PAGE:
by Mike McHugh
“Poor Danna,” my wife said to me one morning over breakfast. “She said that she found out her husband is cheating on her.”
“Really? Is she sure?” I asked. The news stung me as if I’d fallen over drunk into a mound of fire ants. We were good friends with Danna and Roy, and they seemed like the perfect couple. Roy was ever the considerate husband. Rumor had it that he never complained about Danna’s cooking, even those times when she used the smoke alarm in place of a kitchen timer. We theorized that he bought ketchup by the 55-gallon drum.
For Danna’s part, she was absolutely stoic the time that Roy used the newspaper that she’d kept with their wedding announcement to wrap the catch from his fishing trip.
When we ran into them at a party a few days later, I wasn’t sure how to act. Danna, as usual, gave me a big hug when she saw me. Without even thinking, I remarked at how sorry I was to hear about Roy’s infidelity.
Her eyes grew to the size of cue balls, and her jaw dropped into her margarita. She turned and stormed off in Roy’s direction.
“Uh-oh,” I muttered, suddenly feeling small enough to drive home in a Hot Wheels car.
“What did you say to her?” my wife asked.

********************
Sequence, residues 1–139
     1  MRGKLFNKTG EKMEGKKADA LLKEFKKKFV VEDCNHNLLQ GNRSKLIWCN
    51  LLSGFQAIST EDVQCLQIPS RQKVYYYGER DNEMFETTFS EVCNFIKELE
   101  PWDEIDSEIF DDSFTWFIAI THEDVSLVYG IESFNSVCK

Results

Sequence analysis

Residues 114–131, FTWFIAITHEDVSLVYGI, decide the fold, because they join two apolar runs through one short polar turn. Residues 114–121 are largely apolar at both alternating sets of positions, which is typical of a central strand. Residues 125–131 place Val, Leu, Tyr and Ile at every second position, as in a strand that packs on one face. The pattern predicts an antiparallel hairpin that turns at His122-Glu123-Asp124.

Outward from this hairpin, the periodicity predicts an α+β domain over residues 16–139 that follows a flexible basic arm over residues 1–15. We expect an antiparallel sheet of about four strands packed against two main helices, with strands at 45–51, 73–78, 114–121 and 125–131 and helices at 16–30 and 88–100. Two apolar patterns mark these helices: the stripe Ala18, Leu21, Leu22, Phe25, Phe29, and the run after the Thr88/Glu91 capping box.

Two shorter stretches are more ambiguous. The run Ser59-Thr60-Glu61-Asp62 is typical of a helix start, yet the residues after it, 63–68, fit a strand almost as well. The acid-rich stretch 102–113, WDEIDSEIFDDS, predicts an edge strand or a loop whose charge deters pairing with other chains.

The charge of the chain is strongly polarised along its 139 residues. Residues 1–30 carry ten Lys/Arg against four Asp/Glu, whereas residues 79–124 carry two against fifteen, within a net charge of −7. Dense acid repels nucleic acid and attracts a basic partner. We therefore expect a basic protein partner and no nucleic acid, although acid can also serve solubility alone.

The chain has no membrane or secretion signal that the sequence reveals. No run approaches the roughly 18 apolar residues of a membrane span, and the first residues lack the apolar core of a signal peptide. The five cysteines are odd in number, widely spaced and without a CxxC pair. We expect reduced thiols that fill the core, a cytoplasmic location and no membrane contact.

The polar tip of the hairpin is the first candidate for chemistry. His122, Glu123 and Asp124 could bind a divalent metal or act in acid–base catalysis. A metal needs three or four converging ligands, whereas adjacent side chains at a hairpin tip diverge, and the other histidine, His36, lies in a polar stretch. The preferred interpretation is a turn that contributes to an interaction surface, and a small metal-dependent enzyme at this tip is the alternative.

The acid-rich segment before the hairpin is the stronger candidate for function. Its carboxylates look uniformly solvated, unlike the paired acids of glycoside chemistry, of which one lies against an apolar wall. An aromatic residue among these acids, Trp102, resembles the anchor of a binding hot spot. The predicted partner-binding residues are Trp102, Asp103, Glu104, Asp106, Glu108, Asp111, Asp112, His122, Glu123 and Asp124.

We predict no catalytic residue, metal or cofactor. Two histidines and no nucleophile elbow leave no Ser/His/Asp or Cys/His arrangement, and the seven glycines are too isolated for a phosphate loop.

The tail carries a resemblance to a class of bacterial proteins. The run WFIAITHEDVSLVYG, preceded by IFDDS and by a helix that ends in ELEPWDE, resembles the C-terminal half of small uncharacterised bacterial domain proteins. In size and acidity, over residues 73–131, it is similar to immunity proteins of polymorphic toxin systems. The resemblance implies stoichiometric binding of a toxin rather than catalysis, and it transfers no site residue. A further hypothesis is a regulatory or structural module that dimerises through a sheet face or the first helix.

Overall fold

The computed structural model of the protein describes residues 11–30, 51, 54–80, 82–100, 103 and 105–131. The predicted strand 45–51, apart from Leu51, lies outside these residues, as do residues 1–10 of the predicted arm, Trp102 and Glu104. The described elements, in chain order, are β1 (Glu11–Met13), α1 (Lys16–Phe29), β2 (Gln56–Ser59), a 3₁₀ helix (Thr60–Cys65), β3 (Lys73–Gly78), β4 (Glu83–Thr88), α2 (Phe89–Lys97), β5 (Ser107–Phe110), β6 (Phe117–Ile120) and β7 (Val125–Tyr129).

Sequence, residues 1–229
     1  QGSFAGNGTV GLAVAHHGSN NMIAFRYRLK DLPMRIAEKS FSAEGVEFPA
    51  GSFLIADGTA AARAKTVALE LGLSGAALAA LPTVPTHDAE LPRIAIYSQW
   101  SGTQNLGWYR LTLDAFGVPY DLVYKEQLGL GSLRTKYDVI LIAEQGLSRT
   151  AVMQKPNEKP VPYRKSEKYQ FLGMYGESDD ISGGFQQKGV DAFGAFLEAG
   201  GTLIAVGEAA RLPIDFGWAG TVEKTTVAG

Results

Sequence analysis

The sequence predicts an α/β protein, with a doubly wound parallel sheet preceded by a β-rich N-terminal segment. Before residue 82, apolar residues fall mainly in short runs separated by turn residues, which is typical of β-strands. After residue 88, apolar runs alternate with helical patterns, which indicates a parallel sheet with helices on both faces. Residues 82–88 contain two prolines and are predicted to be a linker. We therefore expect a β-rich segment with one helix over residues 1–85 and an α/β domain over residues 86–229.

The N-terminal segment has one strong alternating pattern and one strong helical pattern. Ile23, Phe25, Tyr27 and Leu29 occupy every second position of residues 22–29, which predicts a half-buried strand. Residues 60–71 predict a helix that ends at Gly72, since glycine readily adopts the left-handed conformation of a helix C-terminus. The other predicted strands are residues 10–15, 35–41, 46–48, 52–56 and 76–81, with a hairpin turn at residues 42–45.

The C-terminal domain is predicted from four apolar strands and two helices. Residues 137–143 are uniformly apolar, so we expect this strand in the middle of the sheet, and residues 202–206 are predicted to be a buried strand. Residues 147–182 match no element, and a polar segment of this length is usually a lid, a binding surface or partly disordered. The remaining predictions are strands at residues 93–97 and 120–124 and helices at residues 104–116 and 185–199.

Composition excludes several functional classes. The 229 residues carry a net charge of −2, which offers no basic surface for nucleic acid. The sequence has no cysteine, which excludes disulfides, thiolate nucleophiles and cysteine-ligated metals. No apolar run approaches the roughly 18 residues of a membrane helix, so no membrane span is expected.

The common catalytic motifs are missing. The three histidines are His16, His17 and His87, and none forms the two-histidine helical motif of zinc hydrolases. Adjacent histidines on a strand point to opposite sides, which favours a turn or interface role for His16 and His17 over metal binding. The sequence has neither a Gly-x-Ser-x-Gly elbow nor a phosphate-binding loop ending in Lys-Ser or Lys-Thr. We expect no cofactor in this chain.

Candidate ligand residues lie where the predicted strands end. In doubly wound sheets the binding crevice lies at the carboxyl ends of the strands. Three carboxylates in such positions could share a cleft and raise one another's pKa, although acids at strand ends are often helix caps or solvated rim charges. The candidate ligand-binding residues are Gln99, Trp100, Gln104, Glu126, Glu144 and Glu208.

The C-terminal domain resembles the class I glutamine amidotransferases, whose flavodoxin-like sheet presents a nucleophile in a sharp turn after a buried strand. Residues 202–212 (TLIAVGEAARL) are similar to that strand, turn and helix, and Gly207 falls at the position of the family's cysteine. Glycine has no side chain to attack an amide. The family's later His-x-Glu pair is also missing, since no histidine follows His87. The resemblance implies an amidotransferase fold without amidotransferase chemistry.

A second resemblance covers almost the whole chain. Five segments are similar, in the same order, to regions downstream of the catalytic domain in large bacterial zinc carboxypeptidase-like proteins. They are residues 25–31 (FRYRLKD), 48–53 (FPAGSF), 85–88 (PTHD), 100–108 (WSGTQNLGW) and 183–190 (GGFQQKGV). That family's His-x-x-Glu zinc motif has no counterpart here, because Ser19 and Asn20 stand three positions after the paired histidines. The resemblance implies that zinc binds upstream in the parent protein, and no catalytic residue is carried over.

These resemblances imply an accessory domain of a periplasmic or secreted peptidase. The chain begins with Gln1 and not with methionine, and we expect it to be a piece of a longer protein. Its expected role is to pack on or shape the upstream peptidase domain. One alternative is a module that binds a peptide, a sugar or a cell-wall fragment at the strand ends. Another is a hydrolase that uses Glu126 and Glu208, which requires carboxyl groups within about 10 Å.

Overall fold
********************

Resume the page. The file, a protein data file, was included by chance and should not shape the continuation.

I told her.
“No!” she replied. “Not her! I said it was Danna whose husband cheated on her.”
“That was Danna,” I replied.
“No, no; that’s not who I meant. You know; I was talking about Frank who cheated.”
“Frank is Dina’s husband,” I corrected, “although maybe not for much longer. And the same may be true for Roy vis-a-vis Danna, thanks to me.”
Honestly, I didn’t consider the mix-up to be my fault, nor my wife’s, for that matter. I’m actually surprised that something like this hadn’t happened sooner among our circle of friends. Off the top of my head, I can tell you that, in addition to Danna and a Dina, we are also friends with a Deanna, a Dianna, a Deanne, a Deannie, and a Dani.
Why do all these girls’ names have to sound so alike? Guys’ names aren’t like that. Guys have simple names like “Bob”, “Jim”, and “Mark”. There’s no confusing them. When a guy introduces himself as “Mark”, you don’t think to ask, “Is that with a ‘k’ or a ‘q-u-e’?” There’s no need to know, unless he’s showing up for a date with your daughter and you want to do a background check. In that case, if he answers, “q-u-e”, that would be enough for me.
Of course, the lack of variation does mean that a lot of guys end up having the same first name. For instance, where I worked, it seemed that every guy in a management position was named, “Mike”. We all believed that the name was a requirement for promotion. To my knowledge, I was the only “Mike” in my company who wasn’t a manager. I attributed it to the fact that it’s actually my middle name. Others pointed to comments I once made likening a certain Mike’s management style to Tony Soprano’s.
To which I would answer, “No, the personnel department misspelled my name as “Mique”.